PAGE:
Referring to the drawing Fig. 3 illustrates a pneumatic tire casing l which includes ply fabric 2 constructed of wire cables 3, the plies being arranged in the conventional manner with the overlapping plies extending along diagonals at right angles to each other. As best shown by Fig.2, the ply fabric comprises a plurality of the wire cables 3 arranged side by side in parallel relationship and which are embedded in a thin coating or band of rubber compound 4. After the ply fabric is assembled with bead wires, side walls and tread stock, in a manner well understood in the art, the tire casing is vulcanizedln a mold under heat and pressure. During the curing cycle in the mold, the rubber compound in the casing is firmly and securely bonded to the wire cables so that there is good adhesion between the individual cables and the rubber stock.

Wire tires so constructed have performed well under service conditions. They have the advantage that the wire cable plies make the tire substantially puncture proof. Moreover, the number of plies can be considerably reduced in comparison with a tire of the same rating using fabric plies; this reduces the overall weight of the tire particularly when the wire fabric construction is utilized in heavy service casings as for airplanes or trucks.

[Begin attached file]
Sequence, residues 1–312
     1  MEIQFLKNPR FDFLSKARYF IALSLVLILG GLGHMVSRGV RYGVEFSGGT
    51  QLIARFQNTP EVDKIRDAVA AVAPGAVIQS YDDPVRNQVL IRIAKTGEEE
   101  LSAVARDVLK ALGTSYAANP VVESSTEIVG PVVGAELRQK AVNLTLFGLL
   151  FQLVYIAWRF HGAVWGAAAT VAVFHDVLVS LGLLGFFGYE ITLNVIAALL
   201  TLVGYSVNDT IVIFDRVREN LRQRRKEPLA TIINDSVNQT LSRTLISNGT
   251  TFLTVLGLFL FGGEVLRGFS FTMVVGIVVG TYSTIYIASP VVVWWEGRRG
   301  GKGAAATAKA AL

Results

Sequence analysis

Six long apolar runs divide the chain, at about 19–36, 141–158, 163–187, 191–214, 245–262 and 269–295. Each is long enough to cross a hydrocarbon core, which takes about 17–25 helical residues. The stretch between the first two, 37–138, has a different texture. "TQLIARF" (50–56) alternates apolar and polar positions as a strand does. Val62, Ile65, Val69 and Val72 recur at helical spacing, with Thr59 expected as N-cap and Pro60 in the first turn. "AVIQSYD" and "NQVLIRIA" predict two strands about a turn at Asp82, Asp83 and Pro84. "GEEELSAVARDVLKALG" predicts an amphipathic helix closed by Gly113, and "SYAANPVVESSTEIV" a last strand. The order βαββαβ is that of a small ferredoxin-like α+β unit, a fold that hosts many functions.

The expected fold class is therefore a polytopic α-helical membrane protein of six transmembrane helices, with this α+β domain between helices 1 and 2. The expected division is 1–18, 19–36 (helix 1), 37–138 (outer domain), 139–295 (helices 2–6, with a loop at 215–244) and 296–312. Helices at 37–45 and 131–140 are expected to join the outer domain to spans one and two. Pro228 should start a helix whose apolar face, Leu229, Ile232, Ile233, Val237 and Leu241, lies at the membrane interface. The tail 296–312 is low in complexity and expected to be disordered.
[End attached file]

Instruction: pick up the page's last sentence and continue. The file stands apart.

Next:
Although wire tires of the type described perform satisfactorily, there is a tendency for the individual cables of the plies to corrode thereby reducing the strength of the plies and adversely affectin the adherence between the rubber stock and cables. My invention overcomes these deficiencies by providunder certain conditions 4 ing an improved cable construction which is highly resistant to corrosion and which provides an excellent bond between the individual cable and rubber stock at all times. To this end, I coat one of the strands of the cable with a metal which is sacrificed when corrosion takes place so that thecable is not damaged.